1. Instruct the positive employee to stay home and isolate for at least 5 days after symptoms began (or 5 days after being tested if no symptoms at all). The day the individual first showed symptoms of illness (or the test date if they do not have symptoms) is “Day 0.” Count 5 days forward for the isolation period. The employee can return to work the next day (Day 6) if they have been fever-free for 24 hours and other symptoms have improved. They should wear a well-fitting mask for 5 more days (surgical, KN95, or N95 mask - not a cloth mask). If the employee is not feeling better by day 6, they should continue to isolate at home until symptoms improve, or until 10 days have passed. If the employee still has a fever, they should stay home until the fever is gone. If symptoms are not improving or are worsening, they should seek medical care. Even if the individual is fully vaccinated for COVID-19, they must isolate for at least 5 days if they test positive. You must protect the confidentiality of your employee. Legally, you cannot tell other staff or third parties the employee’s name or health information.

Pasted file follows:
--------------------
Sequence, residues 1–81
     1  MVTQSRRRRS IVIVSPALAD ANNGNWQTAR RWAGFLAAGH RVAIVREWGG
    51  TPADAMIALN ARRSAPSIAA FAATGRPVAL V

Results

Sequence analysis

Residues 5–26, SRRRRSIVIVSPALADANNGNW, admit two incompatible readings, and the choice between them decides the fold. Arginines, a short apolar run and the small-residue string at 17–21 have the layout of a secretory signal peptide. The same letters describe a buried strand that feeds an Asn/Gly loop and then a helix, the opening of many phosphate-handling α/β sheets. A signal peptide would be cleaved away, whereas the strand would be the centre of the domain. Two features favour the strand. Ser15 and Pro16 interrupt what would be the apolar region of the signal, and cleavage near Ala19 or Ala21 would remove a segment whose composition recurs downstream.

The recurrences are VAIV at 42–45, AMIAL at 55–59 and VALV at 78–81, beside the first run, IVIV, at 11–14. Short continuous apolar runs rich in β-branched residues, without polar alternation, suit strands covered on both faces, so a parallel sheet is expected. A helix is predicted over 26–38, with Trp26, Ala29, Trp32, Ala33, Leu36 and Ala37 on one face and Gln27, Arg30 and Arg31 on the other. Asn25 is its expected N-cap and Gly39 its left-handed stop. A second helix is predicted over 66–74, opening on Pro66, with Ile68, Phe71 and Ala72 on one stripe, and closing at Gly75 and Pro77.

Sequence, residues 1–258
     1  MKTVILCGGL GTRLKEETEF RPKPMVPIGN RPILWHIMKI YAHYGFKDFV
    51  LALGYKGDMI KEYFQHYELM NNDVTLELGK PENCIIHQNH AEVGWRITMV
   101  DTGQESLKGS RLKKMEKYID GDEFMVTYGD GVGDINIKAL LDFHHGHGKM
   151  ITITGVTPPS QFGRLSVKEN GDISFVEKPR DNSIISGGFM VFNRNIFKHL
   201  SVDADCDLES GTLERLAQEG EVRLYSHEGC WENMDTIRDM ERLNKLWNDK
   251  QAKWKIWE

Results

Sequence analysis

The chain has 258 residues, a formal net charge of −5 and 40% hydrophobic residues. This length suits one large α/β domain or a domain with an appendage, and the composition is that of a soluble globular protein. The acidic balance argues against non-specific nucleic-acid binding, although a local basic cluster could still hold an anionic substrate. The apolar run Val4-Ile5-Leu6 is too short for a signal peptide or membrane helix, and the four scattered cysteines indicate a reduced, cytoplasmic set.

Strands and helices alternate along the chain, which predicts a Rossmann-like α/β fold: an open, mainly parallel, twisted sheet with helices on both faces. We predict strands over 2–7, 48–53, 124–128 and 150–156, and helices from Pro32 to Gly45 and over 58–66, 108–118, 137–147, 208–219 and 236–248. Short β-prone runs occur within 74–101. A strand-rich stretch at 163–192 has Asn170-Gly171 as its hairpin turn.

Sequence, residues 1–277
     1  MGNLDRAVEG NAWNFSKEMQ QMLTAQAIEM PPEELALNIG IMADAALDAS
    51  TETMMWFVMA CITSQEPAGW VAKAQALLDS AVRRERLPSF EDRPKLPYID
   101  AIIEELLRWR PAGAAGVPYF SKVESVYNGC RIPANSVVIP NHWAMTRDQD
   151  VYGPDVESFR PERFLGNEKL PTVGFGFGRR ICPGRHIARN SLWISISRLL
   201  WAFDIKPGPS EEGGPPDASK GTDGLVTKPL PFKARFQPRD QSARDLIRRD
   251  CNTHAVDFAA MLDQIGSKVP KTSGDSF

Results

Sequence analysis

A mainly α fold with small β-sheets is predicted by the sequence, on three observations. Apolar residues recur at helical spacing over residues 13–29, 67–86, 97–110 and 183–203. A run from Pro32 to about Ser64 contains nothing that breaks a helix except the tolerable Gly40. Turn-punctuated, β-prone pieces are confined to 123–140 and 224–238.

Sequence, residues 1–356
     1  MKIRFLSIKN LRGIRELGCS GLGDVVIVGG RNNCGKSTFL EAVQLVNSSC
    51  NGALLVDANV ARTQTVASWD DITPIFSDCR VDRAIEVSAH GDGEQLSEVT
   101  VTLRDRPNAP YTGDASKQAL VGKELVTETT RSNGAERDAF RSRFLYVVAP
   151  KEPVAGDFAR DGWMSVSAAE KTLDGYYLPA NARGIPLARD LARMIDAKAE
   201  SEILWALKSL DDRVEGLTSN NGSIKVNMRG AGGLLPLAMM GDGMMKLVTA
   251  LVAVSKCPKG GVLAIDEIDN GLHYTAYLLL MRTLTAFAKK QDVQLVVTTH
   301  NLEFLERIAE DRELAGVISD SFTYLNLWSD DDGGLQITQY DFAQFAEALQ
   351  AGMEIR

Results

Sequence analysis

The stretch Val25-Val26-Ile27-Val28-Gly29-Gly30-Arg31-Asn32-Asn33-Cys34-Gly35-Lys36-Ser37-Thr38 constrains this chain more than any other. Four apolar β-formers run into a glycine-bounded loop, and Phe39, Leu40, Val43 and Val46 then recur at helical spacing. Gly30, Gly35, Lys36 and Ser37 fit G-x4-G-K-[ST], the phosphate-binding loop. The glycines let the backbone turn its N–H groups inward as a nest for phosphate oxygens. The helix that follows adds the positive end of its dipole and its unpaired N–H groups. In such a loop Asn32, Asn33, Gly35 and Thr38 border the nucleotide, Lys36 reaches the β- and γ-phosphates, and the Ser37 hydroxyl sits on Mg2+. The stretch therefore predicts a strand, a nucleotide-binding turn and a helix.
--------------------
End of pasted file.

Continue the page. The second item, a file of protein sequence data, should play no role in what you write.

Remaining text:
Additional recommendations to further reduce the risk of spreading COVID-19:

  • If possible, the positive employee should take a rapid antigen test (not a PCR test) on day 5 of isolation. If negative, they can end isolation on day 6 if they wear a well-fitted, high-quality mask (not cloth) around others through day 10. If the rapid antigen test is still positive on day 5, they are still infectious and should continue to isolate through day 10.
  • Those ending isolation on day 6 should be more cautious through day 10. Limit being around others as much as possible. Avoid contact with vulnerable individuals at high risk of severe outcomes (such as immunocompromised & elderly) until after day 10.
  • If the positive employee is often around vulnerable people (e.g., immunocompromised or elderly people), consider isolating for a full 10 days. If they stop isolation before 10 days, take a rapid antigen test (not a PCR test). If positive, continue isolating for the full 10 days.